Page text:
Friday 8 April 2016

Academisation Phase 3 is on its way

Education Secretary Nicky Morgan will preside
over the third phase of academisation,
releasing all schools from  local authority control.
All schools are to be converted to academies by 2020 and then will be asked to join an "Academy Chain". That is the plan of the existing government, announced as a part of the budget on 16 March.

This move will effectively end the involvement of local authorities in school administration. Each academy takes a certain amount of its funding directly from central government. It is also free from the constraints of the National Curriculum and can set its own pay scales for its staff.

The first phase of "academisation" began before 2010. Failing and struggling schools were offered cash incentives to convert to academies. Outside sponsors provided some of the funding and because the schools were no longer constrained by external pay structures, could offer larger salaries to good staff, including to head teachers, to turn the school around.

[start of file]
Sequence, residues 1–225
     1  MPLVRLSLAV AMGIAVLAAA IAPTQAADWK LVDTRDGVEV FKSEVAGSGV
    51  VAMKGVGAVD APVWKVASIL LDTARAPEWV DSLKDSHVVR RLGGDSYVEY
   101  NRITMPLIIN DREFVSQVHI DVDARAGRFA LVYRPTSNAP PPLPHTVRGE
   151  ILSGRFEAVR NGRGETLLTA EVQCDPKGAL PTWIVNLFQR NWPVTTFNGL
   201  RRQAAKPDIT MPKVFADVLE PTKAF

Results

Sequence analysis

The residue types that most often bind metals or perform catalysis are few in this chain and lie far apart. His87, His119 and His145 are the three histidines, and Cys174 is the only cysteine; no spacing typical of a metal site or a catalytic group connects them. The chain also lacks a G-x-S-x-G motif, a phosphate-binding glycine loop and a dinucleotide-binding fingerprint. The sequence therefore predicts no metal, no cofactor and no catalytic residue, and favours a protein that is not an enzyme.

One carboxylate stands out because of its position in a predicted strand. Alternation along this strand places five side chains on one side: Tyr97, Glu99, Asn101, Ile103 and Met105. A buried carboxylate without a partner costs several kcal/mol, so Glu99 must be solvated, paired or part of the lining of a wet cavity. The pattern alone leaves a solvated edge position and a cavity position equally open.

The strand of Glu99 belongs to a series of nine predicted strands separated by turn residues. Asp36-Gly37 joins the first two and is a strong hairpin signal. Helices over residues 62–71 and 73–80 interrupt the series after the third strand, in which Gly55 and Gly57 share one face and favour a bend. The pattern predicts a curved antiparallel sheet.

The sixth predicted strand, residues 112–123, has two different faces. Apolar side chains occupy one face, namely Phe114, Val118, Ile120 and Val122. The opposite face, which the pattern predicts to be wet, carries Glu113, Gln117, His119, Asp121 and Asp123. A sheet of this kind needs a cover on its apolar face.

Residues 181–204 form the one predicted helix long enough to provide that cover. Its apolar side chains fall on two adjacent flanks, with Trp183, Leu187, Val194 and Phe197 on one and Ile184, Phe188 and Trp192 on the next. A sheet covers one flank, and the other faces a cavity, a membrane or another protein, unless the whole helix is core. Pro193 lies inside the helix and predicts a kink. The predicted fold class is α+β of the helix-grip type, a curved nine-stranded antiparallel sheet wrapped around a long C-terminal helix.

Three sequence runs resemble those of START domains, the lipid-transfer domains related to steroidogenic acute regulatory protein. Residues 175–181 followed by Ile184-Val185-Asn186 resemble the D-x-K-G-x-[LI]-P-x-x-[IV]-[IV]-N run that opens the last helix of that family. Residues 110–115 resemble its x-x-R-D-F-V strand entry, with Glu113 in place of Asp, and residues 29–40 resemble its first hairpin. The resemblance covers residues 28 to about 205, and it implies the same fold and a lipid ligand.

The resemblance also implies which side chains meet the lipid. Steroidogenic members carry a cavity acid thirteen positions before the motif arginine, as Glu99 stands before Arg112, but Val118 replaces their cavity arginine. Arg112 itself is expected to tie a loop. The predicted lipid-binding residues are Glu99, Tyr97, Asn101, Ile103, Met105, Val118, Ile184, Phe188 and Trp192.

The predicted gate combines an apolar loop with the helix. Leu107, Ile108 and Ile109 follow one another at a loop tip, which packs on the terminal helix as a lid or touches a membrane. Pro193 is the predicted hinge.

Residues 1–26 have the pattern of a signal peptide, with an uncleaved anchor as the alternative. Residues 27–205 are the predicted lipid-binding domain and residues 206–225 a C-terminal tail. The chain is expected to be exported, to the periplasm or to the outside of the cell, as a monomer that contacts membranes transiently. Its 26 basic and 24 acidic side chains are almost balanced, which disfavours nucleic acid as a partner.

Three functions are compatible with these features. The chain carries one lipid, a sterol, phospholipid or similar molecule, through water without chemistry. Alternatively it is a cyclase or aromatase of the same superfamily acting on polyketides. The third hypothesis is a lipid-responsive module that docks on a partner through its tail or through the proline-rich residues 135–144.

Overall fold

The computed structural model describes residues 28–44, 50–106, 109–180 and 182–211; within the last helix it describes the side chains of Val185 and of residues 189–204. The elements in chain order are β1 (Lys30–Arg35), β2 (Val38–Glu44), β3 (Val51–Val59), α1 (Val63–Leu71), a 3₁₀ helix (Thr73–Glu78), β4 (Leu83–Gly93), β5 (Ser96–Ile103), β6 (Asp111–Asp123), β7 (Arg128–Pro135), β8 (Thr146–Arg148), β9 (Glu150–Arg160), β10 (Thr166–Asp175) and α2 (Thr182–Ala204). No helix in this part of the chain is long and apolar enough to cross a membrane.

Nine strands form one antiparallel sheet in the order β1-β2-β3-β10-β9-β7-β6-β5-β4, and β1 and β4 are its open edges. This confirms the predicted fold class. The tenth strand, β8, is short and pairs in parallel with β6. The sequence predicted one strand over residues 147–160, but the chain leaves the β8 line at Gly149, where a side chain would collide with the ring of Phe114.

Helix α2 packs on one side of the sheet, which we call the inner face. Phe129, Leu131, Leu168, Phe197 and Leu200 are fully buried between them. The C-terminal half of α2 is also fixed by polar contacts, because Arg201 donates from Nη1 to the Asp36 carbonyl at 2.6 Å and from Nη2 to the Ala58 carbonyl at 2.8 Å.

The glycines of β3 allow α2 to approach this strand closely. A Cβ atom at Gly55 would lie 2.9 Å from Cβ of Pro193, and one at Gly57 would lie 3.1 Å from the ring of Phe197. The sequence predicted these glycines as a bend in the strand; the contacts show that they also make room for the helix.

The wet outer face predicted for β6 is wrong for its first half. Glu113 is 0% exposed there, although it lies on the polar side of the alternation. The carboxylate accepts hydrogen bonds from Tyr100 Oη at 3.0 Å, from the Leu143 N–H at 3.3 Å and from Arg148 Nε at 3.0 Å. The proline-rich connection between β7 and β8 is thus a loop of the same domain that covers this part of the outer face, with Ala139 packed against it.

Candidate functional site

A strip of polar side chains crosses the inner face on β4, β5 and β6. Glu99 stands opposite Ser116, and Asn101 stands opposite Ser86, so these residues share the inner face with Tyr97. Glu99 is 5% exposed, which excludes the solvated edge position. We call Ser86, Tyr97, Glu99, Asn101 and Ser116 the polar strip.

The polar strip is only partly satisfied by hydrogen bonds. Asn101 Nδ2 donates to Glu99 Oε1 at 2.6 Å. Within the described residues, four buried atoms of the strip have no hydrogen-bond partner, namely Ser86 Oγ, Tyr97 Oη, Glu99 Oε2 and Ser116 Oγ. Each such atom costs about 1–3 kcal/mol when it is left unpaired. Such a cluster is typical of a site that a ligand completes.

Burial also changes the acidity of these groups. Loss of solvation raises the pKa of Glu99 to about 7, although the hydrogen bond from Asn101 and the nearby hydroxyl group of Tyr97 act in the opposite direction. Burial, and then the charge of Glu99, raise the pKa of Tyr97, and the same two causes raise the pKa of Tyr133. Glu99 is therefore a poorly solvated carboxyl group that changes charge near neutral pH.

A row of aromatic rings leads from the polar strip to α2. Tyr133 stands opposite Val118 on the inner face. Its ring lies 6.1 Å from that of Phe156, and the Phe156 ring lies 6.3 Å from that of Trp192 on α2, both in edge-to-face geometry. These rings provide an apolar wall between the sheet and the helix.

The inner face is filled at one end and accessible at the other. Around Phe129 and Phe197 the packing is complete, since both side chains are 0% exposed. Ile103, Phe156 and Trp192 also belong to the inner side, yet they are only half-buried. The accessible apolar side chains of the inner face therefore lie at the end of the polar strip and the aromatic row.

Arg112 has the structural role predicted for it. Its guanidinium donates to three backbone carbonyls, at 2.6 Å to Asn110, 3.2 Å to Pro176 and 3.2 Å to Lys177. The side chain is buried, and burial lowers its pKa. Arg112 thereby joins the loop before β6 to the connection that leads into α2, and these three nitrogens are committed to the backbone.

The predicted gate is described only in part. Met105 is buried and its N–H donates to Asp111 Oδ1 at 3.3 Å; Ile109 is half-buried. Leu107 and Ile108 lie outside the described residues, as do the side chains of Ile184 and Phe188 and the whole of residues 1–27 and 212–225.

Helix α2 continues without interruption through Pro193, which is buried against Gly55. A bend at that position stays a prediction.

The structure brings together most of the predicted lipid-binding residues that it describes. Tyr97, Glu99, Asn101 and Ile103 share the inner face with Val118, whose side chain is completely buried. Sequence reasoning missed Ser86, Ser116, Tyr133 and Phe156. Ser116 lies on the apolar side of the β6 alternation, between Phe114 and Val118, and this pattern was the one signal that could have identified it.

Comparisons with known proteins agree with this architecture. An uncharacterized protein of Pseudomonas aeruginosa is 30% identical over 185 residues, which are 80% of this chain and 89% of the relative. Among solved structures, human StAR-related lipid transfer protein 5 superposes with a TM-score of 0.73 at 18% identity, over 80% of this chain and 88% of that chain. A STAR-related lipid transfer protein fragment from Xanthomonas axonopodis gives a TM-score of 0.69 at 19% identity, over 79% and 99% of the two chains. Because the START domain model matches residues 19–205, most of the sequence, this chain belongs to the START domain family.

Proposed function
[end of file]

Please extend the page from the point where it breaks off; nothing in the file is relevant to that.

After 2010, all schools were given the option to convert to academy status. Incentives were still available and a large number of state schools took up the offer. This was then education secretary Michael Gove's idea and they were known as "converter academies".

Phase 3 will see all schools being forced to take up academy status. Many have concerns about these plans, including the Labour Party, teaching staff and the unions. There will undoubtedly be extra demands upon central government and some suggest that the Department for Education is already unable to cope with its workload.

What do you think?
Do you think that academies have more freedom and flexibility to offer a better education to their students?
Do you think that effectively ending the National Curriculum in this way is a good thing?

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